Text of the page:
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necessary to preserve the peace, good order and safety of the inhabitants thereof.
Powers of the town.
GEORGETOWN. ACT of Dec. 19, 1805. Pamphlet edit. 31. 335. SEC. VI. And be it enacted, &c. That the said town council shall also have full power to make and establish, and th when they see fit, to alter all such rules, by-laws, and ordinan- council. ces, respecting the regulation of seamen, boatmen and disorderly people, slaves, free people of colour, and in general every other by-law and regulation, that shall appear to them requisite and necessary for the health, security, welfare, good government and convenience of the said town.
. HAMBURG. ACT of Dec. 19, 1827. Pamphlet edit. 54. 336. SEC. VII. And be it enacted, &c. That the town council shall have full power and authority to make and establish, and when they see fit, to alter all such rules, by-laws and ordinances duties of the respecting the streets, lanes and alleys, public buildings, markets, como weights and measures, the assize, prices and inspection of bread, the cording and measuring of firewood, public houses, billiard tables, retailers of spirituous liquors, pumps, fire engines and buckets, disorderly places and free people of colour; and in general, every other by-law and regulation that shall appear to them requisite and necessary for the health, security, good government and welfare of said town.
MOULTRIEVILLE (Sullivan's Island).
'ACT of Dec. 14, 1819. Pamphlet edit. 43. 337. Sec. 1. Be it enacted, &c. That it shall be lawful for the intendant and wardens of Moultrieville, on Sullivan's Island, to provide by ordinance under their corporate seal, for the performance of patrol duty on the said island, by the whole of the inhabitants of the said island, including as well the owners of wardens to
Intendant & the houses who reside there, or whose families reside there, as regulate paalso those who hire houses or keep lodging houses, public houses or stores, and all persons lodging or residing therein, who are capable of performing patrol duty, prescribing also, by ordinance, into how many squads or patrol companies, the inhabitants shall be divided, how often they shall ride patrol, and the penalties to be imposed on defaulters, and the mode of recovering and appropriating such penalties, together with all other matters necessary for organizing and regulating patrols according to the circumstances of the island; Provided, that the patrols shall not be vested with any higher or greater powers than patrols now possess under the laws of the state, and that no penalties be pre- Penalty not scribed for any default in riding patrol, exceeding five dollars for or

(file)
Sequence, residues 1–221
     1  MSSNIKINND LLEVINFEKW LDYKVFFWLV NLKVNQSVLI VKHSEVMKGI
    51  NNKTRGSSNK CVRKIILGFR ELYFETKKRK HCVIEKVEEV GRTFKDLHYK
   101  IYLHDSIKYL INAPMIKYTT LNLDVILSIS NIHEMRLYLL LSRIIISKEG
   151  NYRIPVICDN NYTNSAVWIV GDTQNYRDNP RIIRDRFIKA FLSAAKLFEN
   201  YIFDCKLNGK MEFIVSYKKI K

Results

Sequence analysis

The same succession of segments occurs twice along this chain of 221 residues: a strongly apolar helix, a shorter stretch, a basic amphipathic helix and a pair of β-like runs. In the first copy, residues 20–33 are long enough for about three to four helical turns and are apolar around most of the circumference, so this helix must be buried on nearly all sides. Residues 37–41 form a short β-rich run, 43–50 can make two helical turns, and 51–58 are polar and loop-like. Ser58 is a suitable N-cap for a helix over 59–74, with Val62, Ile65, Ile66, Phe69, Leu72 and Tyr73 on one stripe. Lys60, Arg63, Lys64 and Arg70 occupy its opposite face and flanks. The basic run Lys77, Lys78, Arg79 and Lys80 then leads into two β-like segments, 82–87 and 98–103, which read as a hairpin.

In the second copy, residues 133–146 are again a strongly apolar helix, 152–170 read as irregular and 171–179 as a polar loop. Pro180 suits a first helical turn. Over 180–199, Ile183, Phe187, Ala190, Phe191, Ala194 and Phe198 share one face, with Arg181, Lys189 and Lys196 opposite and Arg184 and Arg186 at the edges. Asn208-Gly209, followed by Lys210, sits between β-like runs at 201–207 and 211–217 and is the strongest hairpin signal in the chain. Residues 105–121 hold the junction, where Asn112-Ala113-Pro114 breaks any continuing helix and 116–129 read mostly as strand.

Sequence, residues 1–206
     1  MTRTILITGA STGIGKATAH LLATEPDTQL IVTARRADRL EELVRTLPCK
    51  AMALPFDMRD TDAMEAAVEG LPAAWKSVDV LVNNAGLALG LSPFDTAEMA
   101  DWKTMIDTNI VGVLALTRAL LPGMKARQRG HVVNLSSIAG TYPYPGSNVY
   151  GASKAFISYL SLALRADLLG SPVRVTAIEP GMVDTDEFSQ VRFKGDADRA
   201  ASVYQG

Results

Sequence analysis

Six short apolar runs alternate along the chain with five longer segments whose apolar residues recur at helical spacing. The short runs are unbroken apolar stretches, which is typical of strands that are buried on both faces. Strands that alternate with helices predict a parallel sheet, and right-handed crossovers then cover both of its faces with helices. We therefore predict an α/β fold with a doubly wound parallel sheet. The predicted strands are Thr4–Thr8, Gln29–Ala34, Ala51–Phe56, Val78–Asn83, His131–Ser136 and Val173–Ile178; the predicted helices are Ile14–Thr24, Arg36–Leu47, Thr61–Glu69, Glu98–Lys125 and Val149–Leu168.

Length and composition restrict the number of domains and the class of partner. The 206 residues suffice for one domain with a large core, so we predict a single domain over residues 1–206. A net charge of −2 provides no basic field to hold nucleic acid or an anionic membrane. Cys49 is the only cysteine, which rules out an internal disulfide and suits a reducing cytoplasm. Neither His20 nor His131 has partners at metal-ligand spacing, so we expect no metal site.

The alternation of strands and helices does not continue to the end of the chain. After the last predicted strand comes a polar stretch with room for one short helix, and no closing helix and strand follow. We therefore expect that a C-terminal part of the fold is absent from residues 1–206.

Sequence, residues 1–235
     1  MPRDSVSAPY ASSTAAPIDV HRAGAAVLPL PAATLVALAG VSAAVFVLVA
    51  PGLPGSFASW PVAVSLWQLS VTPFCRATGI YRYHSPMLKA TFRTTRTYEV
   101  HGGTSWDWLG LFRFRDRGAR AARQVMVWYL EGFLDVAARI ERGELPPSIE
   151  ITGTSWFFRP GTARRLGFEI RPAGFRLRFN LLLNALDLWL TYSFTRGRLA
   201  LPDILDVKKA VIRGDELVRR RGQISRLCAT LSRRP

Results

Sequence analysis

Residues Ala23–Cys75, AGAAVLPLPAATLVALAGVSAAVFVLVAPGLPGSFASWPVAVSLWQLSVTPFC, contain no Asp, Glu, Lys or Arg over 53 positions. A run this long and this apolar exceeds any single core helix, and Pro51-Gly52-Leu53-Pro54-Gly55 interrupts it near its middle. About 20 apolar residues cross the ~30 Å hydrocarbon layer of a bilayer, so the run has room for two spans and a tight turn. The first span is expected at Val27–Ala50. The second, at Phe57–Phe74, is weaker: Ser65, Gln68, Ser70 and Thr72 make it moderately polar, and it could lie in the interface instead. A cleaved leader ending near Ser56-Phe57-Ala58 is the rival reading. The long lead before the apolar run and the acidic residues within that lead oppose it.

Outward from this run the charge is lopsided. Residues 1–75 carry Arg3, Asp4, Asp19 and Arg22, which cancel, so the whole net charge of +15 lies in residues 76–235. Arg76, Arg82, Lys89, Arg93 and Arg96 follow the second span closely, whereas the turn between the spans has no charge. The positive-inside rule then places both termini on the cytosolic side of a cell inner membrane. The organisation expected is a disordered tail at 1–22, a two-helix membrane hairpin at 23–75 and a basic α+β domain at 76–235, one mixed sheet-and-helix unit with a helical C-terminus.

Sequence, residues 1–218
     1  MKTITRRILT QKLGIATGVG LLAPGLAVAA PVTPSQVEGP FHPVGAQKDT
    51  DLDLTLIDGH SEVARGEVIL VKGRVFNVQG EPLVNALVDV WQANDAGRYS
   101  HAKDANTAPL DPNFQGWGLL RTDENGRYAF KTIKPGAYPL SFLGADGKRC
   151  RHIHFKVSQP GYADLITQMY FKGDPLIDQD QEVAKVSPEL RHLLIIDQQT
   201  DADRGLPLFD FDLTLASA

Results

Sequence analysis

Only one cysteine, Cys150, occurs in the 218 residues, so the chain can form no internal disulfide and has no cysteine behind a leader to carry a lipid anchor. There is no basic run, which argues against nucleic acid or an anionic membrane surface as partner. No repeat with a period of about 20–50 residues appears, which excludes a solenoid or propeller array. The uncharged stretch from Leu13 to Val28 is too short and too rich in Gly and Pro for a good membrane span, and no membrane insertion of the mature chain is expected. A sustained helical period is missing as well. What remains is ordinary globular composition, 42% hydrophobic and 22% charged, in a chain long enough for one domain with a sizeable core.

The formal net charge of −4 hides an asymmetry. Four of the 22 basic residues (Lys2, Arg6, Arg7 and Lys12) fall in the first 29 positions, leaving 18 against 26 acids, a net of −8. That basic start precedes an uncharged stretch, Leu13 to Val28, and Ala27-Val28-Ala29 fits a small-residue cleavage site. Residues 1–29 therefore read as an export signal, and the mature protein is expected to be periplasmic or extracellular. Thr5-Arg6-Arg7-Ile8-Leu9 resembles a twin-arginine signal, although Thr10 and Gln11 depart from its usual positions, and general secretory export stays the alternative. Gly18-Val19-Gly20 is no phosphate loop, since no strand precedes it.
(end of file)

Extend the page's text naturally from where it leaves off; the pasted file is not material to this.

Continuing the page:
each default, and no reference to a per centage on the general tax.
338. Sec. v. And be it enacted, &c. That the said intendant Intendant & and wardens shall have full power to abate and remove nuisances regulate pa. in said limits, and to classify and arrange the inhabitants liable
to do patrol duty, and to require them to perform such duty as often as occasion may require, and to enforce the performance thereof under the same penalties as are now established by law.
YORKVILLE. ACT of Dec. 18, 1824. Pamphlet edit. 52. 339. Sec. xxxi. And be it enacted, &c. That the said commissioners* shall have power, and it shall be their duty to cause patrol duty to be performed by the inhabitants of the said vil. lage, and within the above prescribed limits, by those who are now liable by law to perform patrol duty within the saine, and to inflict the same fines and penalties for refusal or neglect as are now imposed by law; and the said inhabitants are hereby exempt from the performance of patrol duty beyond the said above prescribed limits.
. *Commissioners of the streets for the village of Yorkville
CONSTITUTIONAL COURT & COURT OF APPEALS
CITY GUARD OF CHARLESTON.
341. The City Council of Charleston are authorised by the legislature to make such rules and ordinances as they consider requisite for the security, welfare and convenience of the city, and for preserving peace and good order within it; they are also empowered to appoint such officers as they may deem necessary to carry into execution their rules and ordinances. Under these provisions of their charter the city guard is constituted, for the purpose of preserving the peace of the city. The city guard are City guard to be regarded in the light of watchmen and constables, possess men. the same powers as those officers, and have a right to arrest Mav arrest persons committing affrays or breaches of the peace, without any wishout warwarrant.
Ton Neck RANGERS. March 24, 1829.* 342. Appeal from an order at Chambers, by judge Bay, re- original M.s. fusing the application of the relator for a prohibition to restrain the respondents from proceeding to collect from him by execution, certain fines imposed on him by a court martial, for neglecting to perform patrol duty, in the militia beat company in which he resided.
The relator is one of the associate judges of the Supreme Court of the United States, and the question was, whether he was or was not bound to perform that duty. The relator claim
ed to be exempted from the performance of patrol duty, on the grounds,
1st. That this is a military duty from which the Congress of the United States, having the power under the constitution, have, by the act of 5th May, 1792, expressly exempted him as one of the judicial officers of the United States.